Joanne has been affected by Ocular Albinism throughout her life, even though she never had the eye disorder herself. When she found out her son, Ryan, had OA she was prepared. “He was the third child in my family to have it,” said Joanne. “I knew what to do, how to get services and the kinds of things we needed to do to help him with his diagnosis.” Despite having OA, this 13-year-old has been resilient and hasn’t let it control how he spends his time. Ryan is an active musician playing piano and trombone as well as playing golf. “I have no problem figuring out how to walk around the golf course,” said Ryan. “It’s just figuring out where my ball is.” When discovering new pieces of music, Ryan has his own technique of learning. “It’s easier for me to use my ear and my other senses to learn the music,” said Beam. “Music encourages me to use my imagination.”
Ocular Albinism is an eye disorder characterized by deficient levels of melanin. Ryan’s Ocular Albinism only affected the pigment in his eyes, not his skin or hair, but it did impact his sight. Through his mom’s personal experience with this eye disorder, she has been able to create a positive environment to help Ryan succeed. “Let’s focus on the things he can do,” said Joanne.
Ryan is not alone in his family. He has two cousins who also have OA. His cousin, Mack, started to notice the effects when he was around age 12. “I’ve always played sports,” said Mack. “I realized it would be a challenge for me to see the same things as my friends, but I’ve adapted in other ways.” Mack runs cross-country in the fall and track and field in the spring. His long-term goal is to go to medical school after completing college. Ryan feels very lucky to have Mack to look up to and ask questions about living with OA. “Being with my cousin, who has had some of the same vision challenges, makes me a lot more comfortable about it,” said Ryan. “It makes me feel like I’m not the only person alive that has Ocular Albinism.”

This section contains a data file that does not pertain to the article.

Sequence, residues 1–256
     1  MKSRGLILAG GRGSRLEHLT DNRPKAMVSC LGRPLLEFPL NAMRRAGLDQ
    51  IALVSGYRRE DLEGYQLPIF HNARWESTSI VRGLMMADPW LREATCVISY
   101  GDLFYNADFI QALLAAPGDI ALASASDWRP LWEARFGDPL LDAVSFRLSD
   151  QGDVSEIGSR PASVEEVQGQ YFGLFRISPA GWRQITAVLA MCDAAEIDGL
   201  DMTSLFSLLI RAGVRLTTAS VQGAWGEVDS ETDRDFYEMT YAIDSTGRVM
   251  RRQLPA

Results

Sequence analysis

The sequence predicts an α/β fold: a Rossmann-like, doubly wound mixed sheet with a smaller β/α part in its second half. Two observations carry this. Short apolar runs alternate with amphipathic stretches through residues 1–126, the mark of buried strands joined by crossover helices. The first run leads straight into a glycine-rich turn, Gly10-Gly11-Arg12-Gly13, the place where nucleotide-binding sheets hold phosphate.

Mack has been trying to help his younger cousin with OA by having long talks with him and sharing advice. “Don’t pay attention to what people say,” advises Mack. “Stay positive and understand this limitation will create new challenges. This can end up making you into a better person in the future.” Both Ryan and Mack aren’t going to let Ocular Albinism take away their hopes and dreams of success in life. With the help of their families, they have already learned they can achieve anything they set their minds to.
Unfortunately, not all families are this well prepared when they are faced with a newborn infant with a vision disorder. That’s where The Vision of Children Foundation helps by providing information, education, and resources to families throughout the world. The Vision of Children’s mission is to fund vision research to find a cure for genetically caused vision disorders and blindness in children and to provide support to families affected by these conditions.